Four large wetlands on and immediately upstream of Mississippi Lake have been classified as Provincially Significant Wetland (PSW), meaning that, based on an evaluation system, they were classified as having features and functions that afford them special protection under the Ontario Planning Act. The McEwan Bay PSW, at the east end of the Lake, is part of the Mississippi Lake National Wildlife Area and is also protected as a migratory bird sanctuary. There is the Mississippi Lake PSW located on the western shore of the Lake and the two large PSWs immediately upstream of the lake, that are collectively known as the Haley Lake-Steward Lake Wetland Complex. These PSWs support a diverse range of habitat including shoreline areas of marsh and aquatic vegetation as well as large areas of silver maple swamp that are flooded only in the spring and depend on those seasonal fluctuations in water level.

One other large wetland surrounding McGibbon Creek on the east side of the Lake has been evaluated but did not rank as a PSW in the scoring. The other light green coloured areas on the map also represent the many small wetlands that were not evaluated or were not classified as Provincially Significant. When combined, these other smaller wetlands make up roughly 310 square kilometers in additional wetland area, on top of the 130 square kilometers in combined area of the larger Provincially Significant Wetlands. While small on their own, the non-PSW wetlands represent a significant amount of wetland area within the Mississippi watershed that is not formally protected.

Wetlands Protection

A recent study to assess the climate change vulnerability of aquatic ecosystems in the Mississippi and Rideau Conservation Authority watersheds rated the vulnerability of the wetlands in terms of how they are expected to respond to predicted changes in climate. Wetland vulnerability was based on decreased quality, or loss due to drying, that may result from projected changes in air temperatures, precipitation and groundwater inflow. The study found that most wetlands in the Mississippi watershed are at risk of shrinking or drying.

Recognizing the long term value of these wetlands, Mississippi Valley Conservation Authority (MVCA) has initiated a program to improve the protection of wetlands through its regulations. This came out of changes to the Conservation Authorities Act in 1998 and the approval an amended Regulation in 2004 that allowed Conservation Authorities to start regulating development in and adjacent to wetlands. Starting in 2006 MVCA began to regulate only those wetlands that were designated as Provincially Significant Wetlands. MVCA is now seeking to expand its regulation to cover all wetlands that are greater than 0.5 hectares and that are hydro-logically connected to another surface water feature. MVCA has produced new draft mapping to identify regulation limits around these identified wetland areas.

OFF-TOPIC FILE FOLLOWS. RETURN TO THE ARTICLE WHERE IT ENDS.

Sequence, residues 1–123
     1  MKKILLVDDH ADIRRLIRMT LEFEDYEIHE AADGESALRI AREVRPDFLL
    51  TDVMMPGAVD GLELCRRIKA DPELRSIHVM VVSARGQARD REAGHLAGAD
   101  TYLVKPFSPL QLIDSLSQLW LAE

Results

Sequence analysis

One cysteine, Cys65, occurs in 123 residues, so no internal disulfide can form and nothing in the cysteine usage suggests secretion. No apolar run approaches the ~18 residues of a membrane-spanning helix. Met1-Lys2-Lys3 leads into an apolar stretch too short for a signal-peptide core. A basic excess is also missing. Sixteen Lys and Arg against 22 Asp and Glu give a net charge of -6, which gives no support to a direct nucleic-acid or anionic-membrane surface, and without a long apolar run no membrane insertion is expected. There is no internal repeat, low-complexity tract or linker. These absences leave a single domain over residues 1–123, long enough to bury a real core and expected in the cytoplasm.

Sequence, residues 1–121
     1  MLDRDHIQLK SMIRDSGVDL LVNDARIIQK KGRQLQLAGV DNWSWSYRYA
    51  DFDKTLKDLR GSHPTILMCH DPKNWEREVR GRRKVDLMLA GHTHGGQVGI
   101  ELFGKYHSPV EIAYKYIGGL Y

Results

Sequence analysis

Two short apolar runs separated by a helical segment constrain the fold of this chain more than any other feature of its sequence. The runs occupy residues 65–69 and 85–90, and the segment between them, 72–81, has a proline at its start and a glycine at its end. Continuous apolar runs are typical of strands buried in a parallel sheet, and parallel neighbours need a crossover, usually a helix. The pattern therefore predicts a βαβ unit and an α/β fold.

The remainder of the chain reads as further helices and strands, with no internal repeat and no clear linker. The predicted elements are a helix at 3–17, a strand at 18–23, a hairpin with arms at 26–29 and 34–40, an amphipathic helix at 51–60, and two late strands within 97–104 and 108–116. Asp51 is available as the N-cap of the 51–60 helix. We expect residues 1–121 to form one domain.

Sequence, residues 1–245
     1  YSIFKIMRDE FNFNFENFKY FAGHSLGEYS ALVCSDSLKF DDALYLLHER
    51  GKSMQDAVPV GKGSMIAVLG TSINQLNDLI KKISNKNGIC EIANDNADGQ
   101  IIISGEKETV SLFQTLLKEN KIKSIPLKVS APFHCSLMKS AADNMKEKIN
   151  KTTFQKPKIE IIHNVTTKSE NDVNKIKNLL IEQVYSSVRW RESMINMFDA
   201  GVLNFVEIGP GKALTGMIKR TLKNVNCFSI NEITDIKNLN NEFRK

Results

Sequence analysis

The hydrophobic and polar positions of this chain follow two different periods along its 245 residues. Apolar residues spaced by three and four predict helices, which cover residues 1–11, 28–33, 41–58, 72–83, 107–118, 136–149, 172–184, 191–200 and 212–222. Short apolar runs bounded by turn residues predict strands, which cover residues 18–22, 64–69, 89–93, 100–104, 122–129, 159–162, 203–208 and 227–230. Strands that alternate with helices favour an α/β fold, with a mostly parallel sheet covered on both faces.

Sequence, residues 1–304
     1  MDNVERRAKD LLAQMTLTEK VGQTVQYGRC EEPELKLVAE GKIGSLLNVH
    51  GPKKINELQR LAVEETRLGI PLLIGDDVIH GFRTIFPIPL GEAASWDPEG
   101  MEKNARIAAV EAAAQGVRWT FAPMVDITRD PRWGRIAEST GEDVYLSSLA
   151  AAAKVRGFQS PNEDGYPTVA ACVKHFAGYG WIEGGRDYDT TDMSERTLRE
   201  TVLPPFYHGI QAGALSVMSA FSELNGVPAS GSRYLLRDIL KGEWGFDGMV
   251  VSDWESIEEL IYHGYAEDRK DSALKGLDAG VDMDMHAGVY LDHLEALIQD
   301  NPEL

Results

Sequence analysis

The process for amending the MVCA regulation involves public consultation followed by approval by the MVCA Board of Directors. If you’d like to find out more about this, visit the MVCA website where you will find more information and will be able to view the draft mapping:

You may also be interested in reading some of the sources of information for this article:

  • Chu, C. 2014. Climate Change Vulnerability Assessment for Aquatic Ecosystems in the Mississippi and Rideau Conservation Authority Watersheds. The Mississippi-Rideau Region Climate Change Adaptation Project. Ont. Min. Nat. Resour., Clim. Change Res. Rep. CCRR-43

  • Ducks Unlimited Canada. 2010. Southern Ontario wetland conversion analysis: final report. Ducks Unlimited. Barrie, ON.

  • Keddy, P. 1999. Earth, Water, Fire. An ecological Profile of Lanark County. (First Edition). Motion Creative Printing, Carleton Place,. Ontario.

  • Mitsch, W. J. and J. G. Gosselink. Wetlands (2nd edn.), Van Nostrand Reinhold, New York, 1993.

  • Snell, E. 1987. Wetland distribution and conservation in southern Ontario. Working Paper No. 48. Inland Waters and Land Directorate, Environment Canada. Ottawa, ON.


If you would like to learn about wetland ecology we recommend a book titled “Wetland Ecology: Principles and Conservation”, written by Dr. Paul Keddy a local ecologist and author who worked as a professor of ecology for over 30 years and has studied wetlands, forests and other upland communities of the Ottawa Valley, the Maritimes, and the Gulf of Mexico.


Reference: Wetland Ecology: Principles and Conservation (2nd. Edition). Paul A. Keddy (2010). Cambridge University Press, Cambridge, UK. 497 pp.



We all have a part to play, but MVCA is the responsible agency:

bottom of page